A Department Of Friendship Can’t Fix The Sexual Revolution’s Lonely Fallout


Published July 24, 2023

The Federalist

The arsonists have arrived at the inferno, radiating innocence and full of helpful suggestions for putting it out. That is to say, leftists have noticed that Americans feel increasingly alienated and lonely, and they are going to do something about it.

Sen. Chris Murphy, D-Conn., has proudly announced the “National Strategy for Social Connection Act,” which “creates a federal office to combat the growing epidemic of American loneliness, develops anti-loneliness strategies, and fosters best practices to promote social connection.” No doubt this bureaucratic buddy program will reweave America’s frayed social fabric, which just needs more friendship-facilitating feds.

Murphy seems sincere, and some of his concerns, such as those regarding what the algorithm-driven world of social media does to children, are valid. But if he wants to confront the real sources of American loneliness, he should look in the mirror. Nothing has done more to destroy American families and communities than the sexual revolution, which Murphy and his party enthusiastically champion. Sexual liberation promised a good time, but it has turned out to be very lonely indeed.

A lonely society is the predictable (and predicted) consequence of eroding the commitments and duties of the natural family. Broken relationships between men and women lead to broken communities and traumatized children. A culture that worships sexual freedom, even at the cost of killing babies in utero, makes isolation and despair inevitable among the living.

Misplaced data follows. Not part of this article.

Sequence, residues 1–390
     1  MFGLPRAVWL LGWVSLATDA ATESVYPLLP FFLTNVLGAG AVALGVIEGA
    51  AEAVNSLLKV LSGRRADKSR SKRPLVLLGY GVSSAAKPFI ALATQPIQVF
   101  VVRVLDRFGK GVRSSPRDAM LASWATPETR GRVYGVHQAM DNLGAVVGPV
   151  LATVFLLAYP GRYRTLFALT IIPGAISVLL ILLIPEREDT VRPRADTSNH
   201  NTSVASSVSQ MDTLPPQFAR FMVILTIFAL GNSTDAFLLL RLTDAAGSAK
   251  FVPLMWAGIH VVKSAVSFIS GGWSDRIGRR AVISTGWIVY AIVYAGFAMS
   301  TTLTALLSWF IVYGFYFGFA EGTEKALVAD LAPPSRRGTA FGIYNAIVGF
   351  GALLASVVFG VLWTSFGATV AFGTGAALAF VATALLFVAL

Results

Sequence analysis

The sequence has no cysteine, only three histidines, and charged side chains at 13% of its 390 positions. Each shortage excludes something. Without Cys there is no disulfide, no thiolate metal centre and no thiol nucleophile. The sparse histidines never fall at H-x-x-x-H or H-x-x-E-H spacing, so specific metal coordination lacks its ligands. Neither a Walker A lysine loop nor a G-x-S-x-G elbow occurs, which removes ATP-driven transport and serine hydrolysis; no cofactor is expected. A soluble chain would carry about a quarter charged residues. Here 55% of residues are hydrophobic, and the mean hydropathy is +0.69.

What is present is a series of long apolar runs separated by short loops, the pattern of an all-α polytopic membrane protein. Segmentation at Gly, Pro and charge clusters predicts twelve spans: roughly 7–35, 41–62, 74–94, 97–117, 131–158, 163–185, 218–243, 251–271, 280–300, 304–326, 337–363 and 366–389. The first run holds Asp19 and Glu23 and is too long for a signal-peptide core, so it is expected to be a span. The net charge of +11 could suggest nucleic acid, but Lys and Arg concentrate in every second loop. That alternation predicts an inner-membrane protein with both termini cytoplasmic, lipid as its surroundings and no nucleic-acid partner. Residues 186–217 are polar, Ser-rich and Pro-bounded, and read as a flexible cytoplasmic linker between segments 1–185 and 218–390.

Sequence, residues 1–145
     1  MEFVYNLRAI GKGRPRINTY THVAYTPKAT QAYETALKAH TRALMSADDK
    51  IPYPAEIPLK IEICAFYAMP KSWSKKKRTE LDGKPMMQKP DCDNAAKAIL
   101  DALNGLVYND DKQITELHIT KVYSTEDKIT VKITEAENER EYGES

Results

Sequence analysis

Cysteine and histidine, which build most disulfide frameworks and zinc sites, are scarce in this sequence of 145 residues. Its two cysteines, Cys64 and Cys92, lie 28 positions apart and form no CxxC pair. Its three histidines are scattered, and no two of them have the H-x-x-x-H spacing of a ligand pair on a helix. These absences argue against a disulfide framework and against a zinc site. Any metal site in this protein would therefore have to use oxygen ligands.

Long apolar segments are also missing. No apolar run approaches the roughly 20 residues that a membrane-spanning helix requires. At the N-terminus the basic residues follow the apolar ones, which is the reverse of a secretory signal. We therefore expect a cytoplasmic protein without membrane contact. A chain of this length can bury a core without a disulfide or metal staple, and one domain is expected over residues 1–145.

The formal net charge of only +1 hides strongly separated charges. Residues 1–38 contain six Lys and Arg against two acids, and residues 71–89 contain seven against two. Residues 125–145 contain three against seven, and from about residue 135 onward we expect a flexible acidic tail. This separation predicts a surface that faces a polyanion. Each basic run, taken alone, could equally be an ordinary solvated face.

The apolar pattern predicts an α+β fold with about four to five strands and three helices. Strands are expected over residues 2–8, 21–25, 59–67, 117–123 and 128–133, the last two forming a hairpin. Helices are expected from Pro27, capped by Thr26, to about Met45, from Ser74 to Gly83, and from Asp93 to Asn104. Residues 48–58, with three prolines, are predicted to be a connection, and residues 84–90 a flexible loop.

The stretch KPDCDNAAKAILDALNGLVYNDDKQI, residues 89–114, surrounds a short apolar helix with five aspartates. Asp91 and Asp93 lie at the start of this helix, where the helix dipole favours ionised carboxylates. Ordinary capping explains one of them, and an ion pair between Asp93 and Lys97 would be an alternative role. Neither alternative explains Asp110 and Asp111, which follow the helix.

Of course, community and family life break down in a culture that effaces the differences between men and women to the point of pretending that men can be women and women can be men. Under pressure from adult activists and panicked by the superstition that children are being born into the wrong bodies, Murphy and his party have even embraced the surgical and chemical sterilization and mutilation of children.

Yes, there are other contributions to increasing loneliness and alienation: economic policies that place too much value on GDP growth over economic stability, bad housing policies, and immigration policies that allow drug cartels to control the southern border. But someone who is unwilling to face the broken promises and evil consequences of the sexual revolution does not really want to address “the spiritual crisis facing America today.” And so, Murphy quickly backtracked when his tweets about expanding the Democratic Party’s coalition were criticized for opening the possibility of compromise on social issues.

Unless Murphy can muster the courage needed for self-examination and crossing his party’s activist base, he will remain stuck offering useless solutions to the alienation he bemoans. But at least he will have plenty of company.

Many others on the American left are finally noticing our society is decaying, but they are almost uniformly unwilling to admit that the culture and policies they have championed have anything to do with it. For example, The Washington Post columnist E. J. Dionne recently urged Democrats to champion family and community. Of course, Dionne has spent his career as the sort of Catholic Democrat who eagerly excuses abortion, adultery, and homosexuality, and he still won’t admit that any of that might have contributed to the collapse of the family and community.